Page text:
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3. Words Aren’t Enough > Overnight, Sunday to Monday: Katrina Strikes

Overnight, Sunday to Monday: Katrina Strikes

In the overnight hours of Sunday into Monday, August 29, New Orleans residents’ fears came true. At 6:10 AM Hurricane Katrina made landfall, with winds of 130 miles per hour. The eye passed nearly directly over New Orleans and created a massive storm surge on Lake Pontchartrain, a form of tidal wave that wiped out lakeside communities outside of New Orleans. (I was in New Orleans two weeks later as part of a corporate recovery effort. I saw boats on the rooftops of houses and in the high branches of trees—testament to the size and power of the storm surge.)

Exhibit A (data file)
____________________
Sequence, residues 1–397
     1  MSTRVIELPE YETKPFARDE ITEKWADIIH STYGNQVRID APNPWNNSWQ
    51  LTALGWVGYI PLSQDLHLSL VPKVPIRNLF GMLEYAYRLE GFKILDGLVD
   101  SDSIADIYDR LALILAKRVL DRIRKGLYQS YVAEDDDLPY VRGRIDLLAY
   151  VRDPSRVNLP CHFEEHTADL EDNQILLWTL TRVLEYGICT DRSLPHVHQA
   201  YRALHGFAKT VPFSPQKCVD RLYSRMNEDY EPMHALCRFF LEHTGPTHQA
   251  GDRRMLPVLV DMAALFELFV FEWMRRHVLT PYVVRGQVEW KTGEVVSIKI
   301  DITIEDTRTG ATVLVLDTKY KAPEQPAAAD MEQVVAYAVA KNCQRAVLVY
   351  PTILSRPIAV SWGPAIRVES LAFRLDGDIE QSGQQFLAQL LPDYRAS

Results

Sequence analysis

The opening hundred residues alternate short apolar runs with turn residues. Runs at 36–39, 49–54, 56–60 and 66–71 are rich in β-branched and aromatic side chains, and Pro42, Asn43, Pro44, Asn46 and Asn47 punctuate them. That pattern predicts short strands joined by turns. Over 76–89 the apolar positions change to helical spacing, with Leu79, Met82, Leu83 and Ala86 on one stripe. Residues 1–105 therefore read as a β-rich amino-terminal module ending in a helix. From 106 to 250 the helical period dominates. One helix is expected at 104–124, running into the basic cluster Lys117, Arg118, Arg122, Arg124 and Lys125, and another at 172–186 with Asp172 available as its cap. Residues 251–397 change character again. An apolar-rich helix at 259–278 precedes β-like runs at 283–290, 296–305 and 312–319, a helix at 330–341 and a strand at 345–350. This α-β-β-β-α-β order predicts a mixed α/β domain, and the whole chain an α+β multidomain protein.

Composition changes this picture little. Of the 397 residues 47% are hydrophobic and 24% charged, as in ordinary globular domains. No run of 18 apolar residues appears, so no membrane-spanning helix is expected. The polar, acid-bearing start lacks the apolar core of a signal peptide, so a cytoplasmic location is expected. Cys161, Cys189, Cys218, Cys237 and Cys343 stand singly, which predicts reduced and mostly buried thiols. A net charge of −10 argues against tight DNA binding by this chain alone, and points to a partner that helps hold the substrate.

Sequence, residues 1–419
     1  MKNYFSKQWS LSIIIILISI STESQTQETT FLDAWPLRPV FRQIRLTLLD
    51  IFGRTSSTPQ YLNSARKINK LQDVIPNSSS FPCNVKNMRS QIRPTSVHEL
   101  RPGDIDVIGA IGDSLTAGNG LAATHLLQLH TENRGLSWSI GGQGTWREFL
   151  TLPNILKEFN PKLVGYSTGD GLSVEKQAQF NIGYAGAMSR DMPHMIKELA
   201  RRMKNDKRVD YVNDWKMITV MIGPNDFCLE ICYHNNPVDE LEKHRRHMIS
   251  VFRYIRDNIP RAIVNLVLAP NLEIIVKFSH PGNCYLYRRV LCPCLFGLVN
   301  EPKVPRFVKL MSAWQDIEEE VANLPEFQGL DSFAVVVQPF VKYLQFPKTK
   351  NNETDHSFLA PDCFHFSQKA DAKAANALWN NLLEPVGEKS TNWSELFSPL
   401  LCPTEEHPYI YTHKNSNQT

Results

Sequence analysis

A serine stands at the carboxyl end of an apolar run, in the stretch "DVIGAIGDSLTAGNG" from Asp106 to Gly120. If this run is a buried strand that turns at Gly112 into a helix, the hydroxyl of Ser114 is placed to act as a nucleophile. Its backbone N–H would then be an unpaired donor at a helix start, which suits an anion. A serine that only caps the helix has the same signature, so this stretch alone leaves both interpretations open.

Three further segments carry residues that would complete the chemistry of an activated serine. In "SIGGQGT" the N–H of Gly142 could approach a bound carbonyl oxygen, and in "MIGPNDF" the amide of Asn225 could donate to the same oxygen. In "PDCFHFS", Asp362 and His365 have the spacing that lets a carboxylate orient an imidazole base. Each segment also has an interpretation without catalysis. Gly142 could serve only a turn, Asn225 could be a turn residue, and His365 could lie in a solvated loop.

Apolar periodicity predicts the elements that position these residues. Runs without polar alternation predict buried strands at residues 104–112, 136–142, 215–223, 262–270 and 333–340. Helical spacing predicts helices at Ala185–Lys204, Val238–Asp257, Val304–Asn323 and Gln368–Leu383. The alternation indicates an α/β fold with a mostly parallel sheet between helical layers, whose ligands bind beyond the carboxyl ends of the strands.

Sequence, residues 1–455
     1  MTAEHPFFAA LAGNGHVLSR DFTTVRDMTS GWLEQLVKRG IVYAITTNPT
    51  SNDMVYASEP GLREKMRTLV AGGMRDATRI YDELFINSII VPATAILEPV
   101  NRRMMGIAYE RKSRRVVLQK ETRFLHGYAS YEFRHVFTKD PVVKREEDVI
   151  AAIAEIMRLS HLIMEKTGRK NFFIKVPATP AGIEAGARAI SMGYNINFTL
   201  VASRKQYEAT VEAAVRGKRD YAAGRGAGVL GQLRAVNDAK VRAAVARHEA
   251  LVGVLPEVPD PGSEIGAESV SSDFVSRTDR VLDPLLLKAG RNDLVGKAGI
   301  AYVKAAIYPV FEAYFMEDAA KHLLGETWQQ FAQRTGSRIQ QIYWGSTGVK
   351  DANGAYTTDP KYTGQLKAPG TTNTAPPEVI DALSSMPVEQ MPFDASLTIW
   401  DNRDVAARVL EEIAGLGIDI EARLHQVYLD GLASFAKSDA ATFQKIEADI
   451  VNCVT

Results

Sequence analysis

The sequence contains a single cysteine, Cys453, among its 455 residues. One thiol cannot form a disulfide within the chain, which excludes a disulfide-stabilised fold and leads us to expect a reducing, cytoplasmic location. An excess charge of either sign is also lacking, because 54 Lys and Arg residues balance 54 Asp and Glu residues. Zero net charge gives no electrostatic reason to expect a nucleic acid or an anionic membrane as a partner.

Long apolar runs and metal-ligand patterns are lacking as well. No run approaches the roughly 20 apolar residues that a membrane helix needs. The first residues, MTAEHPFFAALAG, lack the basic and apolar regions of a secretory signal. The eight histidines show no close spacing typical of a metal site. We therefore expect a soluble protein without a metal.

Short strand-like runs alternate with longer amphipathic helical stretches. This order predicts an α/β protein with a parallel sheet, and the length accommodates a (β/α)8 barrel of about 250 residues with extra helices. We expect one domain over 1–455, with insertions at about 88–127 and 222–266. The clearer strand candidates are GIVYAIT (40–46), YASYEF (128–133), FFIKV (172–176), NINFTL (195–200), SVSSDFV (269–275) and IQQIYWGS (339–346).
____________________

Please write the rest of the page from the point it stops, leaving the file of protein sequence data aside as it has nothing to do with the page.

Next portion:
Inside the city, the levees that kept New Orleans dry were breached, and about 80 percent of New Orleans flooded. That morning a FEMA staff member on a U.S. Coast Guard helicopter took a photograph of the city under water, with large portions of the levee on the Industrial Canal missing. The photograph, which was not initially made public, showed submerged homes with only the roofs visible above the water.


  

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